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Paul Maravelas. Letterpress Printing: A Manual for Modern Fine Press Printers.

Paul Maravelas. Letterpress Printing: A Manual for Modern Fine Press Printers. New Castle, Del., and London: Oak Knoll Press and The British Library, 2005. 220 pp.; US $39.95. ISBN 158456167X.

Discovering a passion for letterpress printing is enlivening and exciting: a whole world of possibility and creativity, of careful and thoughtful experiment, of hand and eye, ink and paper, word and letterform, unfolds. This craft, however, has a long history; becoming intimate with that tradition requires dedication, much practice and access to the knowledge of toaster printers, by and large a generous lot. One way of gaining that access is to turn to some of the manuals available--historical and contemporary--written by long-practising printers.

Paul Maravelas's Letterpress Printing is a helpful resource for beginners and a useful reminder for more experienced printers, offering a succinct, informative overview of the basics of letterpress printing. The book has more than 80 line-drawings complementing its information, as well as appendices with glossaries of terms relating to printing and paper, and the dates of manufacture for Vandercook and Chandler & Price presses, two of the most common makes of presses in use today.

With over 40 years of printing experience, Maravelas brings a tremendous amount of practical experience to the writing of this work. He has taught letterpress printing on both platen and cylinder presses, been a student at Linotype University in Denmark and Monotype University in the USA, and studied the history of books and printing; he works in museums, operates a private press from his home, and teaches occasional workshops at the Minnesota Center for Book Arts in Minneapolis.

Thorough if not exhaustive, accessible without being condescending, the book is thoughtfully arranged and designed. Maravelas starts with a basic discussion of letterpress printing, including its differences from other kinds of printing; after this gesture toward definition and history, he moves quickly on to such essentials as measurement, typographical surfaces and different kinds of type, before tackling the steps of printing--from setting type to locking up a form, from inking a press to adjusting makeready. He includes short chapters on how to choose paper; set up, maintain, lubricate, and move a printing press; establish a print shop; and plan projects; he continues with chapters on cleaning and distributing type; editing and proofreading; and safety in the print shop. The layout of the book is clean and quite easy on the eye, with large margins for housing Maravelas's many figures.

As its subtitle indicates, this book is a manual. Its style and tone are crisp and instructive. Those of us who long for a beautifully turned phrase, for a resonant sentence, are not going to find anything like that here; Maravelas's prose is workman-like, but this is a working text, clear and concise. What it lacks in poetry and exuberance, it compensates for in technicai understanding. That's not a spurious comment--there is no reason a manual can not be lively and engaging as well as instructive; the style of the book reminds me that Maravelas comes from a technical rather than a writerly tradition. Another indication is his suggestion, in the section on proof-reading, that computer-set texts can be checked for spelling and consistency with spell-check, a suggestion that makes the editor and the ex-English professor in me cringe. Still, the technical tradition he comes from is exceedingly well informed and helpful, and everywhere evident in this work.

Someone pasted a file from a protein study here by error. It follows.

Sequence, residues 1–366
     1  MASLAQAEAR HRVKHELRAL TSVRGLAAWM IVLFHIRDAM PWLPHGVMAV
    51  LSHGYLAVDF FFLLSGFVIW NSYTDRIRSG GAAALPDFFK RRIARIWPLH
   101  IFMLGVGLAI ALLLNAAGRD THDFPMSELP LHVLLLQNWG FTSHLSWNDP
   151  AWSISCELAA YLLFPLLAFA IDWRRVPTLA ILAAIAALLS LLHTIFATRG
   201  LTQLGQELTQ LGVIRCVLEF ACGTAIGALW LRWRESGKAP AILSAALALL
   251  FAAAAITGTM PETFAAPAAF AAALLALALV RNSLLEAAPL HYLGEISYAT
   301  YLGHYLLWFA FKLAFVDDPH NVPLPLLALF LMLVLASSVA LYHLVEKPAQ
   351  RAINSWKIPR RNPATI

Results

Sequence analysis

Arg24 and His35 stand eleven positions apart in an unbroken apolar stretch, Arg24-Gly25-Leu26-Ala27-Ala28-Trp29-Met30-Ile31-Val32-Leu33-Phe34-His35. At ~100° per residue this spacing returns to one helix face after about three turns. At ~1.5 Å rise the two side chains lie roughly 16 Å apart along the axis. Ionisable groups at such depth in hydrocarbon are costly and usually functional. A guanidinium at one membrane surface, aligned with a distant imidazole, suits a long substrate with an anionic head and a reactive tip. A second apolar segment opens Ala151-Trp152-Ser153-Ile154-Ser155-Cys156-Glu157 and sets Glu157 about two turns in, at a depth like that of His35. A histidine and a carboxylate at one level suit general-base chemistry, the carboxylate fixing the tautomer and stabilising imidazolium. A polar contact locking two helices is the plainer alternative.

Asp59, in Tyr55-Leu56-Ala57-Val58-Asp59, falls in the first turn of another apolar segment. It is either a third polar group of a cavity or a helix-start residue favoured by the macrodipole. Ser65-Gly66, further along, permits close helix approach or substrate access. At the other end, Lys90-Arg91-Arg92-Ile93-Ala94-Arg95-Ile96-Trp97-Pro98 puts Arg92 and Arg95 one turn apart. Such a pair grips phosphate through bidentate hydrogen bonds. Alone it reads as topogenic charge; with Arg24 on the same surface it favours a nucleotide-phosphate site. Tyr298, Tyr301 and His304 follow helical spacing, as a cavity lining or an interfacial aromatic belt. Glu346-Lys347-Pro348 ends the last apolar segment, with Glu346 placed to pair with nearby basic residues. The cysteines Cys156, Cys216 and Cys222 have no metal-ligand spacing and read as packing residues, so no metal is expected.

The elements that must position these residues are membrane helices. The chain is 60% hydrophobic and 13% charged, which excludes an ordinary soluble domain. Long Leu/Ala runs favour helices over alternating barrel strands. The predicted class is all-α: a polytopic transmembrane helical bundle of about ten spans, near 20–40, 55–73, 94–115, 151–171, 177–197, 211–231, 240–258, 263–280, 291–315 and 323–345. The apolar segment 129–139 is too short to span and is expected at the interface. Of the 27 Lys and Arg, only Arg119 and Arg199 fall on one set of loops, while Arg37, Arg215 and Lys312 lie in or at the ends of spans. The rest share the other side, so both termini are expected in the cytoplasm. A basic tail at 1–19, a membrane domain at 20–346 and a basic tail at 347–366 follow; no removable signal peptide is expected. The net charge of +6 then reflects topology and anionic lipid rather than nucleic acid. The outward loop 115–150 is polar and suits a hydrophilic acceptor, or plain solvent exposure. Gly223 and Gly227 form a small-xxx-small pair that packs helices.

If I have any real complaint about the book, it would be its concision. In many respects, concision is a strength of the work, allowing Maravelas to broach many topics in a relatively short book. Often, however, I wanted more detailed descriptions, more step-by-step information about processes. Maravelas's explanation of setting type, for instance, was good and the several diagrams included of the lay of the type case were most helpful, but as a relatively inexperienced printer, I'd have benefited from more detailed discussions of several other processes--the making of photopolymer plates, dampening paper, or adjusting for image problems, for instance. These topics are touched upon, but not in as detailed a way as they might have been. Richard-Gabriel Rummonds's Printing on the Iron Handpress (Oak Knoll, 1997) offers the kind of detailed descriptions that bring the many aspects of printing more readily into focus: Rummonds's book, of course, is well over twice the length of Maravelas's. Maravelas chose brevity and breadth over depth--a legitimate and useful choice--but as do all choices, it comes with some inherent limitations.

The real subtleties of printing are learned through trial and error, by rolling up your sleeves and printing. That said, having Maravelas's book to hand as a quick reference for clarifying some of the basics and for troubleshooting will be a great help.

MARNIE PARSONS

St. John's, Newfoundland
COPYRIGHT 2007 Bibliographical Society of Canada
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Author:Parsons, Marnie
Publication:Papers of the Bibliographical Society of Canada
Article Type:Book review
Date:Mar 22, 2007
Words:789
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